Thursday, October 26, 2006

The Godbooth

Richard Donner tells this story on the DVD "First works : [a revealing look at today's greatest directors]". Rather than transcribe his words from that recording a found that on E!online site, a Q&A session where he told the same story.
I was most fascinated by his use of the term "godbooth" to describe that control room from which a TV director directs.

"I was an actor on a live show in New York, and I had five lines or less. It was called Human Bondage. I was Phillip's roommate. During rehearsal, I did everything right all week. I did my three lines or my one line. It came to the night of the show before air, live. When my cue came, I said my line and went left when I should have gone right. In those days, left cued the camera, it was live, you had guys running all over the place, wardrobe being changed, and I heard this voice up in the tower, the Godbooth say "What did you do?" I heard somebody coming down what we called the Godsteps, and I knew it was the director, Marty Ritt.
And one of the actors said to me, "Bye, bye!" And he came down and he said, "What did you do, you've been going right all week!" I said, "I just thought I should go this way to get away from him, to give him some privacy." He said, "Why didn't you say that earlier? Your problem is that you can't take direction. You want to be a director." I said, "Sure." Easier said than done. He said, "You're my assistant on my next show." And that was it! I became his assistant for the next three shows. I went from that, I learned film, and I became an assistant for film."


Sunday, October 22, 2006

Richard Benjamin on the "car chase"

This quote from actor/director Richard Benjamin is on disc one of "First works : [a revealing look at today's greatest directors]" at about 2:15 of the way through.

"There's no such thing as a car chase in real life. There can only be a car chase in the movies because you can't be in more than one place during a car chase."


Stan Brakhage encounters Jackson Pollock

This is a quote from an "By Brakhage : an anthology" a two-disc set from Criterion. It is from Encounter I on disc 1 and takes place about 4 minutes into that encounter. Stan Brakhage is speaking of a trip that he made out to Jackson Pollock's place out on Long Island.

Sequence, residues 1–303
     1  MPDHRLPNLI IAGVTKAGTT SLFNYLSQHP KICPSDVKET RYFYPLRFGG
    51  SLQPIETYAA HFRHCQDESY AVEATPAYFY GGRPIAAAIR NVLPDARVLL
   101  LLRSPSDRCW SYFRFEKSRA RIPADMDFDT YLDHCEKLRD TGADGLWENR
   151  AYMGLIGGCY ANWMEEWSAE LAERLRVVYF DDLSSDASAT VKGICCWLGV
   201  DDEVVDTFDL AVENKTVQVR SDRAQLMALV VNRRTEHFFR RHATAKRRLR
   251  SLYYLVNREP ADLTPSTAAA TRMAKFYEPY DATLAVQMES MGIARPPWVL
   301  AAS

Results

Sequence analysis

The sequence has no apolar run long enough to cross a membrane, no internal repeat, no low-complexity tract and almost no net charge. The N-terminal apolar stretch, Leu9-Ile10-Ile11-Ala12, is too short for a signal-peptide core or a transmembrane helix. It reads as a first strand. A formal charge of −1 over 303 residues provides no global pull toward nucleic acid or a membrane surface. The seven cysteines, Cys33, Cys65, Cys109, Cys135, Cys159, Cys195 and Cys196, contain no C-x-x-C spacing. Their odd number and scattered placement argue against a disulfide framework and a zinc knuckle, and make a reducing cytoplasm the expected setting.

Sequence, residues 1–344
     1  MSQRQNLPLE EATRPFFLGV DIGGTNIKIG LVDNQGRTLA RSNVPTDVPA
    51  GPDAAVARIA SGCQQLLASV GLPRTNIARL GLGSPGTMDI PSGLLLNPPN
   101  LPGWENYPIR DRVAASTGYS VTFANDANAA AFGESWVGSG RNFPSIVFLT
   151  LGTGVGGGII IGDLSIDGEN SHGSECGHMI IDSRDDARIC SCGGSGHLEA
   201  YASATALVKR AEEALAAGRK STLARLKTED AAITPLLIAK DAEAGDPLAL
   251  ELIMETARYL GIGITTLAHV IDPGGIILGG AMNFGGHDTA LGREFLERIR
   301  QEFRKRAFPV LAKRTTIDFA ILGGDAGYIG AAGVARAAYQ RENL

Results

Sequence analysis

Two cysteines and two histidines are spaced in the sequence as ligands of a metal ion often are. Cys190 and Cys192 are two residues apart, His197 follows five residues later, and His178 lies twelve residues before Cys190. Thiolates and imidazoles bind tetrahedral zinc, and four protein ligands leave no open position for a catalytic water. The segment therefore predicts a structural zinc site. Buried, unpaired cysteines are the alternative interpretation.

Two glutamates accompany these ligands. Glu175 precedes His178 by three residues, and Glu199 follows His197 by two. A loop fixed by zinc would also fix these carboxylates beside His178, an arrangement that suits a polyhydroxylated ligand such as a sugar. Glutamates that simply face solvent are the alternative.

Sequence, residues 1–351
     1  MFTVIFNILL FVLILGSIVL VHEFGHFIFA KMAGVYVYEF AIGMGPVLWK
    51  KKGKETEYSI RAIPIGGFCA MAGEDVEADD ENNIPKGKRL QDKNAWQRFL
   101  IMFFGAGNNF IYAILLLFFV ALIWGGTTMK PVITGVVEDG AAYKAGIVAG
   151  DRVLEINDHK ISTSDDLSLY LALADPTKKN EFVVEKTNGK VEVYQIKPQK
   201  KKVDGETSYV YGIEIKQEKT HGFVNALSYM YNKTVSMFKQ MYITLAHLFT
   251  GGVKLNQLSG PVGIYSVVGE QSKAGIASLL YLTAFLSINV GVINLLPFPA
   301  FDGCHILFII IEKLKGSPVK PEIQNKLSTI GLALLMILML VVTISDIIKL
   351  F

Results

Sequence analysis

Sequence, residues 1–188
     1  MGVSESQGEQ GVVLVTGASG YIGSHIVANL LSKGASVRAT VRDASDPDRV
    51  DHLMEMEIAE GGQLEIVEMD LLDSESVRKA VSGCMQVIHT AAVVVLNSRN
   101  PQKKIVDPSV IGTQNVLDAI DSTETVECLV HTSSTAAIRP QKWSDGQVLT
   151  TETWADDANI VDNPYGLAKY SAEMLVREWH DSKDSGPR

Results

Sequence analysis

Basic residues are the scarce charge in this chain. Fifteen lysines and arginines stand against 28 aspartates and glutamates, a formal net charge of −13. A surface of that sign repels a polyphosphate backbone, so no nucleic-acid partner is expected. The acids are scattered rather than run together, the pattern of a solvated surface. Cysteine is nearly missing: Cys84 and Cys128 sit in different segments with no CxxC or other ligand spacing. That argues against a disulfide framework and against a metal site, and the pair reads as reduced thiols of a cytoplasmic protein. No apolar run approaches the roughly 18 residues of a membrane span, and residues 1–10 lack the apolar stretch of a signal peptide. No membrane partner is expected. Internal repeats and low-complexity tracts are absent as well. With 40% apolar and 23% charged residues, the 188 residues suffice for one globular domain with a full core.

"But they [some New York painters] were like commenting and the used the words 'chance operations' which was no bother to me because I was hearing it regularly from John Cage. And the power and the wonder of it and so forth . . . but this really angered Pollock very deeply and he said 'Don't give me any of your "chance operations".' He said, 'You see that doorknob ' and there was a doorknob that was about fifty feet from where he was sitting that was in fact the door that everyone was going to have to exit be. and drunk as he was, he just with one swirl of his brush picked up a glob of paint, hurled it and hit that doorknob smack-on with very little paint over the edges. And then he said, 'And that's the way out'."

Labels: ,

Thursday, October 19, 2006

Bocca finds his Kinglake

The following story continues from my post:
As that post it is taken from Geoffrey Bocca's, “Best Seller : a nostalgic celebration of the less-than-great books you have always been afraid to admit you loved “ in this case pages 20-21.

"I then trundled back to Charing Cross Road. Tremulously, I entered the dustiest secondhand bookshop I could find. The proprietor was sitting alone reading A Rebours by J. K. Huysman. He looked up and raised his glasses to his forehead.
“Would you by any chance have a set of Alexander Kinglake’s nine volume History of the Invasion of Crimea: Its Origins and an Account of Its Progress Down to the Death of Lord Raglan?”
He said, “What?”
I repeated the question in full. He frowned as if he did not know what I was talking about, and said, “I beg your pardon?”